• Physical activity alone is not sufficient to lose weight or prevent obesity. But, being active helps prevent several diseases, improves our mood, and it’s a great opportunity for kids to socialize with their pairs. Adults spend lots of hours sitting and children are getting used to this bad habit too: they seat in school, in the car/bus traveling to school, at home while doing homework, playing games, watching TV. Let’s encourage kids to find activities they enjoy, build physical activity into family life, and soon it’ll become a regular activity.


Obesity is often referred to as a global epidemic and there’s a reason for it. If we don’t act now, it is estimated that more than 2.6 million school-aged children globally will be obese by 2025. The good news is that it is preventable!!

Food Revolution Day 2016

It’s Food Revolution Day, a day to celebrate good food, nutrition, health, and to invite people to join the revolution.


I’m a big fan of this event, also because it reminds me of the reason why I decided to pursue a career in the field of nutrition and health promotion.

I was living in New York when Jamie Oliver’s Food Revolution aired on tv. Learning how kids were fed in school, how little people knew about the link between food and chronic diseases, seeing children not recognizing the different veggies, and other kids crying because they didn’t want to get diabetes like their relatives…It was very touching.

Living in New York, I could see by myself that many people, especially children, were overweight or obese. I could see that the most popular areas of the supermarket were the pastries, frozen food, snack and drink aisles. But after watching Jamie Oliver’s tv show I started to pay more attention to what I was surrounded by. I started to read articles and books about nutrition, I engaged in conversations about food and how it affects our health. It was very inspirational and made me realize that I was more interested in helping people to prevent diseases, rather than selling drugs to cure them. So I decided to go back to school and enhance my knowledge in nutrition and health with a clear goal in mind:  help people to embrace a healthy lifestyle!!!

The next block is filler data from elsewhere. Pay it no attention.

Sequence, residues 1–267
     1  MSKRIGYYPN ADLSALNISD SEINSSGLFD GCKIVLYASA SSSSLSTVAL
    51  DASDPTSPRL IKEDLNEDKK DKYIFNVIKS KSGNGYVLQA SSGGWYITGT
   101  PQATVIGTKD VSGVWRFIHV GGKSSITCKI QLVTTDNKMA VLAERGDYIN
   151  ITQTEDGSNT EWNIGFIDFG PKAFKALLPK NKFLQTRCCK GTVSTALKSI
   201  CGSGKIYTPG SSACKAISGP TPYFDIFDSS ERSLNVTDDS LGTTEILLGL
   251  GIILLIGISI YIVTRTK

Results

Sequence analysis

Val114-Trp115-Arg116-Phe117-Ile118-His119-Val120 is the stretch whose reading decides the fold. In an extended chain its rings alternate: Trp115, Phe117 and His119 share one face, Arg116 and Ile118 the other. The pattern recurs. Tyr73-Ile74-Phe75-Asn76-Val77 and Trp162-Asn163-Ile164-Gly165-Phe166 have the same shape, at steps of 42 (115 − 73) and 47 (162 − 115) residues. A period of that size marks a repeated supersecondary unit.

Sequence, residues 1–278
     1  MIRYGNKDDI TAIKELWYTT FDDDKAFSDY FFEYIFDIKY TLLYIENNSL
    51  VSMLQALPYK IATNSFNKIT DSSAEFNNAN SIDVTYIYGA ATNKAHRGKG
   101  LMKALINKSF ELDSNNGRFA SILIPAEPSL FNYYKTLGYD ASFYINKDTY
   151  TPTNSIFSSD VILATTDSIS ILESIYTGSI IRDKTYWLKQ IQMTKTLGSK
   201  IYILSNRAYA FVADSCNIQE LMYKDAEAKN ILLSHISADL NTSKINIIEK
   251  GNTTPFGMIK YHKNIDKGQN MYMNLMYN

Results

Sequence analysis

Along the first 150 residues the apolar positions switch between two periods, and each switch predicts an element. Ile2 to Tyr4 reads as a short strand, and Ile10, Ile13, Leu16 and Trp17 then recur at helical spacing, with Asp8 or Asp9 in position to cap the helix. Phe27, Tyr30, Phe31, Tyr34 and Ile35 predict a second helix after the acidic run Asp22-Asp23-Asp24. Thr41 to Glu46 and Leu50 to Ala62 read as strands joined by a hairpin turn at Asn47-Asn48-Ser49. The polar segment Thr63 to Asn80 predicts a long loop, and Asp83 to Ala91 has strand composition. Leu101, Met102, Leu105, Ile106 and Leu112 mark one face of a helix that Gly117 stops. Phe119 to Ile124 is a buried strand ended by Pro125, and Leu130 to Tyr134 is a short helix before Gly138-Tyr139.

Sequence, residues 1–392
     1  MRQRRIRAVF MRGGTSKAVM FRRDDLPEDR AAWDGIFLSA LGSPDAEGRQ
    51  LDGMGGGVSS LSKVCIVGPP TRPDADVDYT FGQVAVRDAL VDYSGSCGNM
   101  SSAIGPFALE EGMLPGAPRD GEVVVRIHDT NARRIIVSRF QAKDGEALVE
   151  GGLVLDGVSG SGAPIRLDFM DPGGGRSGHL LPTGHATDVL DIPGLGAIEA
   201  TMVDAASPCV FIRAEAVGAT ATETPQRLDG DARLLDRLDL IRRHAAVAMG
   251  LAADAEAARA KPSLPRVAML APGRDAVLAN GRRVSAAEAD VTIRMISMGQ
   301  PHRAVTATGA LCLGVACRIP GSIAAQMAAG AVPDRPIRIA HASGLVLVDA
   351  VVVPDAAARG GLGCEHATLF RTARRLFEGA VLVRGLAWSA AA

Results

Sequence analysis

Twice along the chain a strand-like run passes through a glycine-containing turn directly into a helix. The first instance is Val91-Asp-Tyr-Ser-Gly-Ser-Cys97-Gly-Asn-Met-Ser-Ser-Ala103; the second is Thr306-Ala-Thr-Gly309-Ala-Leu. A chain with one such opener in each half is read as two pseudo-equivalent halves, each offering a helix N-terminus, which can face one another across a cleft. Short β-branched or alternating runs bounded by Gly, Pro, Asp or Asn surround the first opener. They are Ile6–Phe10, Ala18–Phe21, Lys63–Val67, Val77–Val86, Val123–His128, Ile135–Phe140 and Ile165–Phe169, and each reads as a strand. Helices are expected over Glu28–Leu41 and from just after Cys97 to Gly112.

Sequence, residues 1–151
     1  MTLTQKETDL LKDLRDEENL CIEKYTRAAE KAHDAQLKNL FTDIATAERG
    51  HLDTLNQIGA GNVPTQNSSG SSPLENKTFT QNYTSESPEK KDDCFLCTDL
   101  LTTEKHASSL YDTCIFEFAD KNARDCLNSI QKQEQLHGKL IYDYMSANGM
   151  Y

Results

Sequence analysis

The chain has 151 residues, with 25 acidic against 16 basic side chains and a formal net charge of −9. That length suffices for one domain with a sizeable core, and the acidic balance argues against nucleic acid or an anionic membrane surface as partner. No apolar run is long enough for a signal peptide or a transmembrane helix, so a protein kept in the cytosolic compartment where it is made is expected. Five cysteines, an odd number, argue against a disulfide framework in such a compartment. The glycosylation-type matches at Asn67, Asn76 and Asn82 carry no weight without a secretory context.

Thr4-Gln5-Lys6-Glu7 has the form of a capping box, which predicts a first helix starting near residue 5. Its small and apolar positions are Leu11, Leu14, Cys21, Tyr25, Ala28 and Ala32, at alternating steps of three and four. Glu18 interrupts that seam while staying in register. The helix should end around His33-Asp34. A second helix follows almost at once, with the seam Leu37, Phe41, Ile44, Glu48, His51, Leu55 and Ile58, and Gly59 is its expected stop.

Being a “revolutionary” is part of my mission. I love Food Revolution day and I am proud to be part of a community of people who promote and advocate for access to fresh and healthy food, for nutrition education and healthy meals in school, and think that is important to teach people how to cook and assemble a healthy meal.

Right now, 41 million children under 5 are overweight, while another 159 million are too undernourished to grow properly. It’s time to get together and do something to fight obesity and undernutrition!!

Are you ready to take a stand and be a Revolutionary? Please sign up and share by using the links below.

You can also join the omelette challenge. Yes, you read it right. This year, Jamie Oliver launched The Food Revolution International Omelette Challenge. Prepare an omelette, your own style, take a picture and share it on any of the #FoodRevolution platform. I prepared a traditional Italian frittata with zucchini. You can find the recipe here.

Happy Food Revolution day everyone!!


#SugarTax UK

Last week, the UK government announced the introduction of a sugar levy on soft drinks that will be effective in 2018.